I read in Ovid, Metamorphoses, I.474-477 (Apollo is in love with Daphne) :
Protinus alter amat, fugit altera nomen amantis silvarum tenebris captivarumque ferarum exuviis gaudens innuptaeque aemula Phoebes. Vitta coercebat positos sine lege capillos.
My (rough) translation (adapted from this site since I'm not fluent in English)
Immediately the one is in love, and the other flees from love's name; in the depths of the woods, from the skins of the wild beast she takes delight and she's an emulator of virgin Phoebe. A careless ribbon is holding back her hair.
My question deals with the "-que" at the end of "innuptaeque". What does this conjunction coordinate ?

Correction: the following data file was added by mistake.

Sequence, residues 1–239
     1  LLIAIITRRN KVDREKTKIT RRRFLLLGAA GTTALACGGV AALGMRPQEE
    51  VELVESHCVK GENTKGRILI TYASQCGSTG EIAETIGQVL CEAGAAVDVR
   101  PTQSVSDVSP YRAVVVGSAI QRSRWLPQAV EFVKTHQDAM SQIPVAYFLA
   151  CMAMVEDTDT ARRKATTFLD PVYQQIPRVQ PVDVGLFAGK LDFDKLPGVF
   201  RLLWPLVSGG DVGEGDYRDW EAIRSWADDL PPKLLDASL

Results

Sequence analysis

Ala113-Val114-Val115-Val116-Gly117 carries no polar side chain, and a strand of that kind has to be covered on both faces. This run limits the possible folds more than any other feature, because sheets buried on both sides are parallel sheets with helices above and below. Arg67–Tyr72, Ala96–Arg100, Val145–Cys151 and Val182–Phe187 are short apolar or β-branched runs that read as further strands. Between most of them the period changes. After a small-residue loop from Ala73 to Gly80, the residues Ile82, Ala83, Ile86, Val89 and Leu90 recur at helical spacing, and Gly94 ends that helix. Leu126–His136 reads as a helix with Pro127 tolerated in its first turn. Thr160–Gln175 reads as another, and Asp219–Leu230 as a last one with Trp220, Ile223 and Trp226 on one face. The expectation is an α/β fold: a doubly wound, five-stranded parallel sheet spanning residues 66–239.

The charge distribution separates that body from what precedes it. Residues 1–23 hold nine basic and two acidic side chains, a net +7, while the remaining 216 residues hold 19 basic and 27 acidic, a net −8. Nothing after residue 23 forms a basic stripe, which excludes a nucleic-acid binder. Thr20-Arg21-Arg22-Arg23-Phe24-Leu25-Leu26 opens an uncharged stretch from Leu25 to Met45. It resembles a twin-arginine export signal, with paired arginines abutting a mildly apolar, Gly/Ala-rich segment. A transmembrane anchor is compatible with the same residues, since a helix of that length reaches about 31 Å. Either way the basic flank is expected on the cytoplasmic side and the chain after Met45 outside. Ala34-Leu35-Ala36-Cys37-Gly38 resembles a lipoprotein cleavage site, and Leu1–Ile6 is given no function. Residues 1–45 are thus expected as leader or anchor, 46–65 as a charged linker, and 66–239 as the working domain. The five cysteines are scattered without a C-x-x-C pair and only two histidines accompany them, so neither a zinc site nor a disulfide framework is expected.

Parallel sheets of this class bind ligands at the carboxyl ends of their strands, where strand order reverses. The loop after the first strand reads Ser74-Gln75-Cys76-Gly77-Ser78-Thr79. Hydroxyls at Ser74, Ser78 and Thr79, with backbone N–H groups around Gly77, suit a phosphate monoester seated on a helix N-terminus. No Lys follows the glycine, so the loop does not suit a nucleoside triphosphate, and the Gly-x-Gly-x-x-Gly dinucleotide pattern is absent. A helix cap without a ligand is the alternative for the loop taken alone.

From the Ausführliche Grammatik der lateinischen Sprache I read that "-que" coordinates either 2 nouns, either 2 adjectives, either 2 pronouns, either 2 adverbs, or either 2 verbs. But in the verses I quoted, "-que" seems to be used to coordinate two propositions :
silvarum tenebris captivarumque ferarum / exuviis gaudens + innuptaeque aemula Phoebes [scilicet "est"]
I'm not convinced at all by this solution since the first proposition depends on "fugit altera nomen amantis" and the second one is an independent proposition. But I can't go further.